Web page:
The #1 trait of an optimist? The ‘toxic positivity’ trend taking over social media? The Optimism Doctor answers all

July 15, 2021

“Good vibes only.” “It could be worse.” “You’re not manifesting enough.” Sound familiar? As the Optimism Doctor, I hear from a lot of distressed patients who have had these platitudes doled out to them time and time again—only to leave them feeling worse. That’s because these blanket “positive” statements are actually the opposite of optimism—they’re likely harmful, insincere notions of optimism known as toxic positivity. 

Before we dive further into that, let’s define optimism. 

Most people think that optimism is about being positive and seeing the glass half full all the time. But in reality, a true optimist is someone who recognizes that less-than-ideal situations happen in life, yet they see them as temporary and something they have the ability to overcome—even if they don’t know how yet. 

The #1 trait of an optimist is resilience, or the ability to work through perseverance and struggle while holding space for painful emotions like grief, anger, frustration, mourning, anxiety and stress. It’s about allowing yourself to authentically feel those things and where they come from, while staying hopeful and knowing that it’s not permanent. 

The second hallmark trait of an optimist is curiosity. It’s being able to ask questions like “I wonder how I will grow from this” or “I wonder what will change from this” during a time of strife, and being inquisitive and open to what the answer might be. Someone who can hold both the struggle of the present with curiosity for the future simultaneously is an optimist. 

How do you identify toxic positivity? 

It’s basically anything that disregards and villifies the normal range of human emotions. Red flags might be sayings like “good vibes only” or “get over it,” which imply that there’s only room for positive feelings. Humans are meant to experience all the feels, so watch out for anything that disregards or makes you ashamed of having negative feelings.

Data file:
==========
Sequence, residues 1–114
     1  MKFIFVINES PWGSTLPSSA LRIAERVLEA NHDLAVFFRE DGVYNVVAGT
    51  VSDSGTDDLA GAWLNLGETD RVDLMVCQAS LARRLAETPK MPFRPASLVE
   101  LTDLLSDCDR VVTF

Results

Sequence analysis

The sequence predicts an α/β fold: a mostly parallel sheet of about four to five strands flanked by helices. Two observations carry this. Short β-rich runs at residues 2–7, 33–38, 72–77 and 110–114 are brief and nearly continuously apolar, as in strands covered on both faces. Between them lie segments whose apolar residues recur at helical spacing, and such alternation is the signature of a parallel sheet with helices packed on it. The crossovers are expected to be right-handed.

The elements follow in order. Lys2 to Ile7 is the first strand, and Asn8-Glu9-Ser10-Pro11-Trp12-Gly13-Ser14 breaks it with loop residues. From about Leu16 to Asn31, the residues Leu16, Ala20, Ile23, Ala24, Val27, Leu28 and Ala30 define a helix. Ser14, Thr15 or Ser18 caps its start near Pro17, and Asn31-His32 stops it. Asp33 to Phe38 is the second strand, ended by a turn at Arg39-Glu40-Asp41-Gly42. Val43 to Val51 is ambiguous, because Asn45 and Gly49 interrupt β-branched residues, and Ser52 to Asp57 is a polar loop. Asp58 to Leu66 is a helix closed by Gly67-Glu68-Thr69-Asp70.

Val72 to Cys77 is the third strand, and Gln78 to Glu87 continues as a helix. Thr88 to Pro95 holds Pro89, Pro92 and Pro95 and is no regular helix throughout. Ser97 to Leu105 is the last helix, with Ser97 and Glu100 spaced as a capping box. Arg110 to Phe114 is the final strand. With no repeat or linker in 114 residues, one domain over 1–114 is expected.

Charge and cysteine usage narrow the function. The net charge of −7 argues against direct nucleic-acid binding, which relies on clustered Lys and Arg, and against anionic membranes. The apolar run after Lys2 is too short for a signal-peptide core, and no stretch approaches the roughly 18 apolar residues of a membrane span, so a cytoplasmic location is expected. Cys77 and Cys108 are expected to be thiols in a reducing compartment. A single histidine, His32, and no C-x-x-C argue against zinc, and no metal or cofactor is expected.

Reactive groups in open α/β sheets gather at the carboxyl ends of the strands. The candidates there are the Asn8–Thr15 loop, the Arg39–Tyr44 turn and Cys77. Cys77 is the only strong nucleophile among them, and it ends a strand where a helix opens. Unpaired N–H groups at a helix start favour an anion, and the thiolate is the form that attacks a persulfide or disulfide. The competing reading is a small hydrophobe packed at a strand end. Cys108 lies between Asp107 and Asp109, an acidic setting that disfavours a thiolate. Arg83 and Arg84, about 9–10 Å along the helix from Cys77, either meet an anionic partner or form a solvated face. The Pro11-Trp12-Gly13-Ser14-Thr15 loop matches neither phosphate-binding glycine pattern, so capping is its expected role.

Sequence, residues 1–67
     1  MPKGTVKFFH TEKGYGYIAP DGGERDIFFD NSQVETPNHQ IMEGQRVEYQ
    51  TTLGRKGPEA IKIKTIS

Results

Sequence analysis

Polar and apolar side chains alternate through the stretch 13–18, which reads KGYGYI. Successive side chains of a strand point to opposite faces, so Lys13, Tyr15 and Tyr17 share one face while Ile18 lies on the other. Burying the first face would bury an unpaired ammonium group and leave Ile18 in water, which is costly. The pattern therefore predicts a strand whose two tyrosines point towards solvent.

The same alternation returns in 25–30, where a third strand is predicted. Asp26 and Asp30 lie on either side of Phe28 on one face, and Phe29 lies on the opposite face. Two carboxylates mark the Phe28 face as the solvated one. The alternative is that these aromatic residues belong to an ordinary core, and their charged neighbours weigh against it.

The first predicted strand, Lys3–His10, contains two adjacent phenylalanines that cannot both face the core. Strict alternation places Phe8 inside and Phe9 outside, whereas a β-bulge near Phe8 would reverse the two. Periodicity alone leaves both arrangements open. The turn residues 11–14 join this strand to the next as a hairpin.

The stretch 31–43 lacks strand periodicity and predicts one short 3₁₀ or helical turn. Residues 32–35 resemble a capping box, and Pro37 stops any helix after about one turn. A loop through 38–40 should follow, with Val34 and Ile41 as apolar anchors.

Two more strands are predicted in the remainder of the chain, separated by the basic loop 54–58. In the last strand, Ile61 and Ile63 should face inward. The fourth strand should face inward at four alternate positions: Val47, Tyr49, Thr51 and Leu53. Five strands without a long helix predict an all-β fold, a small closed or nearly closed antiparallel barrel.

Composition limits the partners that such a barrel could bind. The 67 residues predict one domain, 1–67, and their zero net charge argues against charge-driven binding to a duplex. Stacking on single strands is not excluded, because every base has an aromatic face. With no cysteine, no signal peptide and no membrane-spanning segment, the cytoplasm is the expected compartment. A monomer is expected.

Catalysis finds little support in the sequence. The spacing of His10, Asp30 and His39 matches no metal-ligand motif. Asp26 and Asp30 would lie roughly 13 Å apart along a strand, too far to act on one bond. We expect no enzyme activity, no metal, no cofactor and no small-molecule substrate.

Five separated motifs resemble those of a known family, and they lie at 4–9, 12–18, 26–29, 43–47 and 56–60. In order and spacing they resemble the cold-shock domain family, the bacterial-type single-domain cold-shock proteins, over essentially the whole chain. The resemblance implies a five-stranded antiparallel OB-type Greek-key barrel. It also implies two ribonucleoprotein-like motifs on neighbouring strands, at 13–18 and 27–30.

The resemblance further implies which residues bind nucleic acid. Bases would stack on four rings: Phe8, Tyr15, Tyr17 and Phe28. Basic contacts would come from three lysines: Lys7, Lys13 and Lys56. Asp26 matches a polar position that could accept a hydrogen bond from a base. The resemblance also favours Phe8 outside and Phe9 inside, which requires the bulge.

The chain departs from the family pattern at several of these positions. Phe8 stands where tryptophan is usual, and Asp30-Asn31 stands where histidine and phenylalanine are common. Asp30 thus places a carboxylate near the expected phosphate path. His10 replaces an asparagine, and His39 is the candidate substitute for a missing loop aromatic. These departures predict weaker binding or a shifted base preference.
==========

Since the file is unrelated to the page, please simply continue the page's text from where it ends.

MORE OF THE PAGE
For example, I experienced two instances of toxic positivity at the start of the pandemic. The first was when parents were worried about their kids. I kept hearing this phrase, “Don’t worry, kids are resilient.” And yes, they are, but to chalk it up to only that implies we don’t have to be concerned about their emotions because they’ll just get through it. 

The next was when people would say, “If you’re stressed, you’re just making yourself more susceptible to COVID-19.” This caused some to feel scared of having anxiety about a global pandemic, since others were telling them they were going to get sick from it. This is classic toxic positivity—it comes from good intentions, but it’s misguided because it negates the opportunity to experience all emotions. 

Here are some additional toxic positivity-like statements you’ve probably heard before that can be interpreted as dismissive in nature: 

  • Don’t be so negative.
  • Just breathe. It’ll all work out.
  • Think happy thoughts.
  • Everything happens for a reason.
  • You’ll get over it.

How to recognize—and give—non-toxic advice.

When someone is seeking support or advice, we often think that we need to help them solve a problem, squash their uncomfortable feelings or distract them with thinking about something better. But for the most part, people just want to be heard and have their feelings validated. 

These sincere, truthful and kind responses offer support, while also acknowledging pain and struggle:

  • All vibes welcome.
  • This is hard, but you got through hard times before. I believe in you.
  • It’s normal to be fearful about that. Is there any good that can come out of the situation?
  • I can understand why you’re upset. Is there any way you’ll grow from the situation?
  • It’s OK if you haven’t found the silver lining yet. You have time to make sense of it and you will when you’re ready.

Healthy, positive statements like these that can help lift others (or yourself), while validating the entire spectrum of emotions—good, bad and ugly. So now that you can better spot toxic positivity, consider unfollowing any problematic offenders on social media who claim they’ve manifested their perfect life. We all know there’s no such thing as a “perfect life,” because no one experiences joy 24/7—and that’s totally, 100% normal.

About the Author

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Deepika Chopra, known as the Optimism Doctor®, specializes in bridging holistic practices and evidence-based science to cultivate self-mastery tools to help develop a sense of lasting happiness, resiliency, optimism and success. She practices from a unique perspective with the ability to speak to the popular wellness trends of today, while providing real evidence-based science and experience. Dr. Chopra holds a doctorate in clinical health psychology, and her work has been featured in Forbes, Harpers Bazaar, Vogue, Goop, Variety, E!, NBC and more.